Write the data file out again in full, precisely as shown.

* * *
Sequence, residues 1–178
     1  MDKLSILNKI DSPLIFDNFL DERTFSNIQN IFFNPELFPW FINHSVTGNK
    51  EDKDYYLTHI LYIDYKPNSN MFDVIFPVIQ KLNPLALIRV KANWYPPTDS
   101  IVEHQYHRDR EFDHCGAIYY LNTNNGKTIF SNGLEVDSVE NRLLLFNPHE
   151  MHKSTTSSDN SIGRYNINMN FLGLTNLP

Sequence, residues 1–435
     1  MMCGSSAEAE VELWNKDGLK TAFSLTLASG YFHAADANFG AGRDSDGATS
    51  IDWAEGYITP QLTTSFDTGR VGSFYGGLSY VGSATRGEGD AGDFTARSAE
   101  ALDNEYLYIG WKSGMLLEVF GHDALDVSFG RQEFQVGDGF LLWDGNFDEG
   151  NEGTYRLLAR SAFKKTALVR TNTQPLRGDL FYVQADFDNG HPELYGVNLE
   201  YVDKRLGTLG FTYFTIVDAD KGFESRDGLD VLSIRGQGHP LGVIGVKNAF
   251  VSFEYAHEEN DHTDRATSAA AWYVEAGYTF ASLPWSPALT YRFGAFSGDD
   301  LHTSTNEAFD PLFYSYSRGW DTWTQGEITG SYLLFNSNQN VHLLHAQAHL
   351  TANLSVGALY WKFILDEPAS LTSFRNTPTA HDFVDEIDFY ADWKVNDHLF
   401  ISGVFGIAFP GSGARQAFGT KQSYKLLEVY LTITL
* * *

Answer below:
Sequence, residues 1–178
     1  MDKLSILNKI DSPLIFDNFL DERTFSNIQN IFFNPELFPW FINHSVTGNK
    51  EDKDYYLTHI LYIDYKPNSN MFDVIFPVIQ KLNPLALIRV KANWYPPTDS
   101  IVEHQYHRDR EFDHCGAIYY LNTNNGKTIF SNGLEVDSVE NRLLLFNPHE
   151  MHKSTTSSDN SIGRYNINMN FLGLTNLP

Sequence, residues 1–435
     1  MMCGSSAEAE VELWNKDGLK TAFSLTLASG YFHAADANFG AGRDSDGATS
    51  IDWAEGYITP QLTTSFDTGR VGSFYGGLSY VGSATRGEGD AGDFTARSAE
   101  ALDNEYLYIG WKSGMLLEVF GHDALDVSFG RQEFQVGDGF LLWDGNFDEG
   151  NEGTYRLLAR SAFKKTALVR TNTQPLRGDL FYVQADFDNG HPELYGVNLE
   201  YVDKRLGTLG FTYFTIVDAD KGFESRDGLD VLSIRGQGHP LGVIGVKNAF
   251  VSFEYAHEEN DHTDRATSAA AWYVEAGYTF ASLPWSPALT YRFGAFSGDD
   301  LHTSTNEAFD PLFYSYSRGW DTWTQGEITG SYLLFNSNQN VHLLHAQAHL
   351  TANLSVGALY WKFILDEPAS LTSFRNTPTA HDFVDEIDFY ADWKVNDHLF
   401  ISGVFGIAFP GSGARQAFGT KQSYKLLEVY LTITL